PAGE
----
Because of her efforts in Massachusetts, she set out to change the minds of other states. Her ideas even took hold in Canada, where she improved there conditions as well.  Dorothea’s efforts initiated the creation of thirty two facilities in the United States alone. 
    One would think that after all of this Ms. Dix would be ready to sit in the front porch of her home, and enjoy her mornings and read possibly write more books, no not her.  From 1854 to 1856 she traveled in Europe inspecting their facilities for the mentally ill.  While there she wrote Remarks on Prisons and Prison Discipline on the United States in 1845.  She still at 59 was not ready to relax.  She became appointed to the Army Nurse for the Civil War.  This job she took without pay.  She looked at  the welfare of the nursing staff, went out of her way to get military supplies  because the government was not providing them with the equipment needed to treat the wounded.  This is where she earned the title “Dragon Dix” because of her fierce determination. 
     After the war ended, she began visiting other states where she could aid in better treatment for the mentally ill.  She established the first state hospital in Trenton New Jersey.   When she fell ill in New Jersey, she admitted herself and died six years later in 1887.  There is a hospital in Raleigh North Carolina which bears her name after her visit in 1848. 
     Her twenty year spent working for the humanity of the mentally ill patients and those in incarcerated made her very influential in the eyes of the public.  Sadly she is only known to a small percentage of those who study female psychologists.  Some say that she would be okay without the notoriety.  She did it because of her passion.  In 1903 Congress granted a special monument in her hometown and the citation on the statue simply says “Certainly no other woman in modern times has done more to earn the gratitude of people of this country than this self-sacrificing and devoted woman."  It certainly rings true.  Dorothea Dix influenced how we care for those who are in dire need of care mentally; she fought for what they deserved because it seemed they had no voice to do so.  Her never give up attitude is something we all need to take a look at and remind ourselves each day that if it were not for women like Dorothea Dix, where would those suffering from mental illness be today.  What a selfless caring woman, a woman before her time who molded our institutions into what they are today.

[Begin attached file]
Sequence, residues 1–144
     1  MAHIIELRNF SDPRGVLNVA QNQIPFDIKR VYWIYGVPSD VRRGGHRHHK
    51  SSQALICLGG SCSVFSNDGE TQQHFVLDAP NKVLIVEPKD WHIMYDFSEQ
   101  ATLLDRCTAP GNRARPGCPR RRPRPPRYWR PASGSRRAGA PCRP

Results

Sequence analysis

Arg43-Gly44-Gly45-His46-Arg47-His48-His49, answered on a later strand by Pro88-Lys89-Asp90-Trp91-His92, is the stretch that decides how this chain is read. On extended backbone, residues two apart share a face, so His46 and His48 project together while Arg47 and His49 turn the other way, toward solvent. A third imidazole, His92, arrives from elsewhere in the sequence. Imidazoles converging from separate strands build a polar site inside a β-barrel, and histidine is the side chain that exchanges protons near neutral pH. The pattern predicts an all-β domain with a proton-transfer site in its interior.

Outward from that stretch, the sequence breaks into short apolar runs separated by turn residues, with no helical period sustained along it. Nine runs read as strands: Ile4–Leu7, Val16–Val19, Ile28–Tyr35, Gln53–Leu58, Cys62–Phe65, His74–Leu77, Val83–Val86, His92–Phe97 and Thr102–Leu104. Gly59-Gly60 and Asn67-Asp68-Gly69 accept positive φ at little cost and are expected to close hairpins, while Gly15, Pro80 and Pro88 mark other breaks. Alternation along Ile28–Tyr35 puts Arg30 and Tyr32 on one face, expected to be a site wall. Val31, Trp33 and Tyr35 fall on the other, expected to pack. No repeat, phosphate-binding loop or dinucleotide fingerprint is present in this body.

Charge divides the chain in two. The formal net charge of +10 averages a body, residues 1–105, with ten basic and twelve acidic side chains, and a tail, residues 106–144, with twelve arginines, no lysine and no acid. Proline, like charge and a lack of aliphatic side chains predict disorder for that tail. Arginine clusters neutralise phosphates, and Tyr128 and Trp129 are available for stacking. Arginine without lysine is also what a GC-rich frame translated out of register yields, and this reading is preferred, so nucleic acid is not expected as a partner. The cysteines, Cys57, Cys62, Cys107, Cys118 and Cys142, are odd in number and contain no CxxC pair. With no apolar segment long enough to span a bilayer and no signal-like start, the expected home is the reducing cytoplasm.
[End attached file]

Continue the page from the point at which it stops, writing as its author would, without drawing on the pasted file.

Dorothea Dix, forgotten Samaritan1937Chapel HillUniversity of North Carolina
Conversations on Common Things: or, Guide to Knowledge, With Questions 1828 Boston Munroe and
Dorothea Dix. Psychological Reports, 1982 Contributions to the history of psychology XXIX 211- 218
Dorthea Dix nd
Life of Dorothea Lynde Dix 1891 Boston Houghton Mufflin
On behalf of the insane poor; selected reports 1842-18621971 New York Arno Press
       Stranger and Travler1975BostonLittle Brown